Timberland Supports Haitian Farmers as They Plant Haiti’s First Commercial Cotton Crop in 30 Years

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Timberland Supports Haitian Farmers as They Plant Haiti’s First Commercial Cotton Crop in 30 Years

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Multimedia from this Release

Farmers near Gonaives, Haiti, plant cotton seeds with Hugh Locke (middle front) and Timote Georges (right) of the Smallholder Farmers Alliance (SFA). The team donned Timberland shirts to acknowledge that these same items will soon begin to incorporate smallholder-grown organic Haitian cotton. Photo: Thomas Noreille/SFA

Thursday, August 16, 2018 - 12:30pm

Smallholder farmers near Gonaives, Haiti recently planted the first commercial cotton crop in the country since 1987, with support from Timberland and other brands. The farmers planted a demonstration farm which will train other smallholder farmers to cultivate cotton. As a key supporter of the effort, Timberland provided participating farmers with shirts as a symbol of the future market for the cotton they planted. The global outdoor lifestyle brand, in partnership with the Smallholder Farmers Alliance, aims to bring cotton farming back to Haiti not only to create a new supply chain for organic cotton to use in its products, but also to help reforest Haiti and improve the lives of smallholder farmers.

Timberland and the SFA first forged a partnership in 2010 to fulfill Timberland’s commitment to plant five million trees in five years in Haiti. Timberland’s investment established tree nurseries in several communities in Haiti. The SFA invited smallholder farmers (who farm five acres or less) in the surrounding communities to help plant, transplant and care for the trees in exchange for seeds, tools, and training to improve the agricultural productivity of their land.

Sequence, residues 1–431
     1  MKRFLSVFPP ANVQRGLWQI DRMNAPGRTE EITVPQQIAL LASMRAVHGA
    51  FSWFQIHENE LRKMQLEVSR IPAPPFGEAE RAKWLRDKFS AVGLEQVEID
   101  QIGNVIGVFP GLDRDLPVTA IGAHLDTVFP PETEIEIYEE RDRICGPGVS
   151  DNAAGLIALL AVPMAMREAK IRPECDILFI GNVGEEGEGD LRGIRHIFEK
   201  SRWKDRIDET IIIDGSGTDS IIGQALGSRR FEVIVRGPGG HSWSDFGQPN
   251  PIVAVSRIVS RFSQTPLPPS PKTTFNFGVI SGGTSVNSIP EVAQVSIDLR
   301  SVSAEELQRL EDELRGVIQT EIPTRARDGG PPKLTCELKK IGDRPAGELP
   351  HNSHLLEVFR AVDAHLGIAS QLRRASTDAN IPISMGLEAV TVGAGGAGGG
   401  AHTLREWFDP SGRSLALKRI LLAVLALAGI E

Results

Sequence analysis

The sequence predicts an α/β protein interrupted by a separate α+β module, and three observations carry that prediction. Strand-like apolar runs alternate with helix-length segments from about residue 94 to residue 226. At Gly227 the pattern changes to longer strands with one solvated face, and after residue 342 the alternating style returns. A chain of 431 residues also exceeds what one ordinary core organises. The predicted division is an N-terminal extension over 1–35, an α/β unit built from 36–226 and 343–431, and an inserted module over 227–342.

After five years, not only had the SFA planted close to five million trees, but the 6,000 participating farmers had seen an average 40 percent increase in crop yields and 50-100 percent average increase in income, enabling them to send 3,400 more children to school.

The SFA’s agroforestry program sustains itself by having participating farmers, after the harvest, share a small portion of their profits and return seeds to the nurseries to establish seed banks.  The program expands and scales by creating high value crops for export such as moringa and, in six to seven months, cotton. Timberland plans to transition from being a supporter of the SFA to a customer in 2019, when the farmers harvest the cotton planted last week.

To maintain food security, participating farmers will plant cotton on no more than half of their land. The anticipated 40% increase in crop yields for farmers new to the SFA will offset the impact on food production for the land dedicated to cotton growing.

The vision for the SFA’s cotton program extends beyond Timberland, with a goal to engage 34,000 farmers on 17,000 farms who will produce approximately 15 million pounds of organically grown cotton lint annually. The SFA also expects to plant an additional 25 million trees throughout the 5-year initiative, as participating farmers will continue to engage in the tree nurseries. Given its anticipated scale, Timberland has reached out to other brands to support the effort; thus far, Vans and Patagonia have stepped up as supporters.

Claudine Jean, age 49, farms 2.5 hectares (5 acres) together with her husband, and recently planted part of their land in cotton. “My mother grew cotton and I always remember it was a good crop for our family, and now I can show my own daughters how to grow it,” said Claudine.

Keywords: Responsible Production & Consumption | Green Infrastructure | Haiti | NYSE:VFC | Philanthropy & Cause Initiatives | Supply Chain & the Circular Economy | Timberland | agriculture | cotton | smallholder farmers